As an elementary school teacher, I love finding theology of the body (TOB) themes and messages in the children’s stories I use in my classes. But these stories are really appropriate for any age. I have used the ones listed here with children ages 5-11, but really even adults can enjoy these. I have always believed we are never too old for a good “picture book!” There is nothing better than spending time sharing a good story, especially ones that inspire deep, meaningful conversations about who we are and how we are to live.
I hope you enjoy these with your own family!
The Incredible Peepers of Penelope Budd (written by Marie Karns, illustrated by Amy Wummer)
This is one of my favorites! The story is a delightful reminder of God’s goodness in creating all things good and beautiful. Penelope is a little girl who has been gifted with one blue eye and one brown eye! People around her fail to see Penelope’s uniqueness as a gift, and they fail to notice God’s beauty around them.
Penelope sees the world around her with wonder and awe, noticing God’s gifts everywhere! God, in all his creation, gifted us with hearts that are drawn to the true, good and beautiful things around us. With her unique eyes, Penelope sees God’s goodness everywhere. She clearly understands that she is “just the way she’s supposed to be,” and is confident that she is a beloved child of God. Knowing her identity as God’s beloved daughter, Penelope chooses to love!
I Want Your Smile, Crocodile (written by Denette Fretz, illustrated by Jackie Urbanovic)
This is a fun, engaging story with whimsical illustrations. It is written in rhythmic tone, naturally drawing children into the story. The setting is a zoo called Serenity Park, where the main character, Jack the meerkat, decides he doesn’t like the way he looks. He isn’t happy with his own appearance so he sets off on an adventure, believing he will be happier if he could be like the other animals. As Jack goes from one exhibit to another, the reader can see the zookeeper in the background, pursuing Jack. By the time he catches up to Jack, the poor zookeeper shows signs of struggle and wounds, yet he embraces Jack telling him, “I want you back, Spunky Jack. I wish you understood – that God’s great heart designed each part and saw that you were good.”
Children easily understand that the zookeeper’s great love for Jack is much like Jesus’s love for us. This story is a beautiful reminder that we are made by love, to love and for love. Each and every person is a unique, unrepeatable creation, made on purpose, with purpose. Jack and the zookeeper remind us that it is so very good that we each exist.
Maybe God is Like That Too (written by Jennifer Grant, illustrated by Benjamin Schipper)
This is a moving story about a little boy who asks his grandma, “Does God live in the city?” Grandma lovingly encourages him to seek God, telling him he “just needs to know where to look.” She explains, “Whenever you see love, joy and peace, God is there.” Inspired by his grandma’s words, the young child begins to notice God in others as they live lives of virtue. God is revealed through bodily actions of others who express fruits of the Spirit. The little boy is awakened to the truth that while he cannot see God in the way he sees people, he can see God all around him, in others and even in himself.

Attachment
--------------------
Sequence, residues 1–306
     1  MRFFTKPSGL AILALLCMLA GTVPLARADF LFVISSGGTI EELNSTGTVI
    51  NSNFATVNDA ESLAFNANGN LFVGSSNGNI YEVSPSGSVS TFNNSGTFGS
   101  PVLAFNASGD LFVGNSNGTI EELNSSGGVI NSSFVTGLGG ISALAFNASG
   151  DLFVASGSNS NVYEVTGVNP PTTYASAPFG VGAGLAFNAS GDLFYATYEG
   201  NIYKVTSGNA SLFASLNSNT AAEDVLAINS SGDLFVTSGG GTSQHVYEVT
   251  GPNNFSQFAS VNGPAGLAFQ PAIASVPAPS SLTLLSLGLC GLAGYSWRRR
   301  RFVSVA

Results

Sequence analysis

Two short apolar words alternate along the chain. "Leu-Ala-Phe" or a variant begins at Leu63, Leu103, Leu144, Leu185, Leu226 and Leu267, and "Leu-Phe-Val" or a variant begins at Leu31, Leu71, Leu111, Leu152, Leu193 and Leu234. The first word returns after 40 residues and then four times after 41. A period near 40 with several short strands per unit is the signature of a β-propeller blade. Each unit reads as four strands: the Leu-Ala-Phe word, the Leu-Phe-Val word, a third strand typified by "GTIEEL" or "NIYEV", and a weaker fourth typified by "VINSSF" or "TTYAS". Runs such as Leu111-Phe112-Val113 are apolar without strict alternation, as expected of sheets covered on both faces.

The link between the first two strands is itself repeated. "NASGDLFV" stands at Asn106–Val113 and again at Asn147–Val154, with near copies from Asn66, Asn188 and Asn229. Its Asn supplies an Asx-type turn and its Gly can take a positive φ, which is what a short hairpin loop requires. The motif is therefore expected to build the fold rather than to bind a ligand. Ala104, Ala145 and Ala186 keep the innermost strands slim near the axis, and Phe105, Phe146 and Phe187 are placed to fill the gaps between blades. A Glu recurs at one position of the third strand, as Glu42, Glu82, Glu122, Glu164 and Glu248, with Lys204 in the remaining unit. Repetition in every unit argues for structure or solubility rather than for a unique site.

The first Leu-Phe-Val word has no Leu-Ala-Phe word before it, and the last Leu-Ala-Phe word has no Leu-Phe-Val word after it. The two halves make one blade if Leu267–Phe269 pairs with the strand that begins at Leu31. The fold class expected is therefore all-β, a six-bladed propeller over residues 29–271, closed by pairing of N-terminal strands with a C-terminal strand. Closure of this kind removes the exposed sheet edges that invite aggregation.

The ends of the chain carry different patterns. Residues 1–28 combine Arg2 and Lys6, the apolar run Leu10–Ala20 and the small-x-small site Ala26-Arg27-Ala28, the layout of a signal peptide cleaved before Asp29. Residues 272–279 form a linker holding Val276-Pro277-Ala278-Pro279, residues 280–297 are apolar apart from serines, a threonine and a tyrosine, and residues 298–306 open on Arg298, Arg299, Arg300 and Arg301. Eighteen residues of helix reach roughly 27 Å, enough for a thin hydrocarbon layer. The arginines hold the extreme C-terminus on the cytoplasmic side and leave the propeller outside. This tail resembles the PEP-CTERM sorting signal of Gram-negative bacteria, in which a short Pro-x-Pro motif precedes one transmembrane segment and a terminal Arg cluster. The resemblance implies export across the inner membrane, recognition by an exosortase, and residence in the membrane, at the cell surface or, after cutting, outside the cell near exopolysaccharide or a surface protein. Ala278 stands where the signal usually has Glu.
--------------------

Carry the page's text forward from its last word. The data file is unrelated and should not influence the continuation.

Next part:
God is everywhere. What a beautiful reminder that we are made for relationship with God and others. We are called to share God’s love with everyone in our daily lives. This story can foster conversations with children about where they have seen God around them, and that we are created in God’s image and likeness. We are called to be like Him in the way we treat others. We are called to image Him in our words and actions.
Our Tree Named Steve (written by Alan Zweibel, illustrated by David Catrow)
This is a favorite book among children of all ages, and is written in the form of a letter from a dad to his children (much like St. Paul’s letters to the people of the cities he ministered in). Steve, a symbol of God in the story, is a tree that has been part of a family for many years. The family represents God’s plan for us: to have free, total, fruitful familial relationships. Like God, Steve has been present for the children’s milestones, he has protected the family, and been a source of ever-present joy and love — he is truly the the center of the family’s life and activities.
Sadly, a storm ends Steve’s life. The dad tells his children that Steve will always be with them…in their hearts and thoughts..and in a new way in the yard. Steve experiences a kind of resurrection in the form of a treehouse. While he is no longer with the family as he was, he has been transformed into a new life.
Children hearing this story are moved by the mutual love between the family and Steve. While they have a sense of loss when Steve dies, they also have hope that he has not left them. He has new life. This story reminds readers that we are called to care for God’s creation, and that God speaks his love to us through his creation. We are called to be in relationship with God, seeing, knowing, and loving him as He reveals himself to us, even in times of loss.
— Embodied has a print magazine that is published quarterly and is the first magazine to showcase life through the lens of theology of the body. Use this link to subscribe and save 20%: Subscribe and save!